As the State of Missouri reopens on June 16, long-term care facilities are an important piece of this process for many Missourians. When COVID-19 first knowingly entered the United States in January, long-term care facilities quickly became one of the more vulnerable environments disease spread. In late March, health officials began seeing Missouri long-term care facilities impacted.
Guidance from the Centers for Disease Control and Prevention and the Centers for Medicare and Medicaid, which included visitation restrictions, was adopted and implemented among long-term care facilities throughout Missouri in order to prevent visitors from unknowingly carrying the virus in and infecting a population of individuals at high risk of experiencing severe or even fatal symptoms of COVID-19.
Throughout the duration of the nationwide pandemic, 222 Missouri long-term care facilities have reported at least one case among staff or residents.
Director of the Missouri Department of Health and Senior Services (DHSS) Dr. Randall Williams issued an Order on May 18 requiring congregate living facilities, to include long-term care, to report to DHSS within 24 hours when a positive test result is received among staff or residents. In conjunction, increased testing capacity in Missouri allowed the State to execute new strategies for addressing outbreaks early or even before they start and arrange comprehensive testing. The “box in” strategy has been implemented in 107 facilities since May 18, and it helps keep the virus contained to prevent further spreading.
According to CMS data, Missouri ranks well below national averages for cases per 1,000 residents, resident deaths, and nursing staff cases per 1,000 residents. This data along with a 43 percent decrease in hospitalizations in Missouri since May 1 and increased testing capabilities have caused the State to change the guidance for long-term care facilities.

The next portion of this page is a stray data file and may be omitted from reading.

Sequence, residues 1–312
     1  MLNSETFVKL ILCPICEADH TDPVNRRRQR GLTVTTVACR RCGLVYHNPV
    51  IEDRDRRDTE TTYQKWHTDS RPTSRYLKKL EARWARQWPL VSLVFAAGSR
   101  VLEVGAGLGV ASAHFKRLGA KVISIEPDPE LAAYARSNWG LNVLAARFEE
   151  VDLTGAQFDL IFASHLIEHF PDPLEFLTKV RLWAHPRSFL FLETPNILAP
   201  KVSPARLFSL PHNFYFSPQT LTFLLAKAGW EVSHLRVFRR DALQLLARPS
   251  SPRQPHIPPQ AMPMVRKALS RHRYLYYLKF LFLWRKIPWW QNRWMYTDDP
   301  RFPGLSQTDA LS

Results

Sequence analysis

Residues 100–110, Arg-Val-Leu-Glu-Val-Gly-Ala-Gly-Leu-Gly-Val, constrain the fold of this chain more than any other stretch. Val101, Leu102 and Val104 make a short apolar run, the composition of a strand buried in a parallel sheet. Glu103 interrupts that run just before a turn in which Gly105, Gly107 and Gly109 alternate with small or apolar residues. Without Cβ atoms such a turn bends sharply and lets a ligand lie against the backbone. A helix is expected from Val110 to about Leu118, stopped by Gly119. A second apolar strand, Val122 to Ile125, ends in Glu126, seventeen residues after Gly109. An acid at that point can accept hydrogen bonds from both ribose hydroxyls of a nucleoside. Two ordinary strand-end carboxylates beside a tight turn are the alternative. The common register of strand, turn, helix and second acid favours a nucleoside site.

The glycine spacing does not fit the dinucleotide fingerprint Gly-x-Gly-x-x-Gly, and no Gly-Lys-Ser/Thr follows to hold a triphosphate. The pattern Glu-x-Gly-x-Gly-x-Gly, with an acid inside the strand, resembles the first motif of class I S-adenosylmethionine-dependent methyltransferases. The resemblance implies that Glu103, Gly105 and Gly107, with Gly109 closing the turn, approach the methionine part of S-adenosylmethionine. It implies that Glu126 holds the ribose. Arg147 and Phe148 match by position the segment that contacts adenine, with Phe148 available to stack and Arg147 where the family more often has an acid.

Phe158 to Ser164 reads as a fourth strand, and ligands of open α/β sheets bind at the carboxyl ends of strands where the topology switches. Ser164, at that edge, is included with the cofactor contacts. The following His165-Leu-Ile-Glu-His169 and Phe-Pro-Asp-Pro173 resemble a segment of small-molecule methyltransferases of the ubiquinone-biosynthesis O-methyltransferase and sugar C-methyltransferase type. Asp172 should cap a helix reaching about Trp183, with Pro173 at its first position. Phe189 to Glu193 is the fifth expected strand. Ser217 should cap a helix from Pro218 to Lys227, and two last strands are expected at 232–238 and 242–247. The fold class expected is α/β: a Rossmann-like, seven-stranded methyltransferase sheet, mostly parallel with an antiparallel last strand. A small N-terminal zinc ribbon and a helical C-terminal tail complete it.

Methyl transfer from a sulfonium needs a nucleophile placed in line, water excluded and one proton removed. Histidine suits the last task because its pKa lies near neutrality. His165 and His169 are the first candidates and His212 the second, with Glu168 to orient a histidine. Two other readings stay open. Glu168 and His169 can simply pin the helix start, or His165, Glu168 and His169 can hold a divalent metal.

Although the State reopens on June 16, local officials will still have the authority to put rules, regulations, or ordinances in place. The State’s updated guidance impacts facilities wanting to allow outdoor visits and visits through an open window for residents who are bedbound or who cannot otherwise leave their room. Additionally, guidance is being provided for facilities wanting to allow communal dining and group activities. The State asks that several items be considered when determining reopening plans, but each facility will ultimately decide on their own protocol related to visits. Facilities should be notifying residents’ families of their procedures for visitations once they are in place.
“We’re incredibly appreciative of all of Missouri’s citizens and our providers whose efforts have allowed us to transition to this next phase,” said Williams. “We recognize everyone’s patience and are thankful to share this welcome news so that loved ones can visit together again while continuing to follow measures intended to protect their health. With our Order in place that requires reporting of a single case by the facility within 24 hours, we will continue to watch our long-term care facilities closely during this transition period.”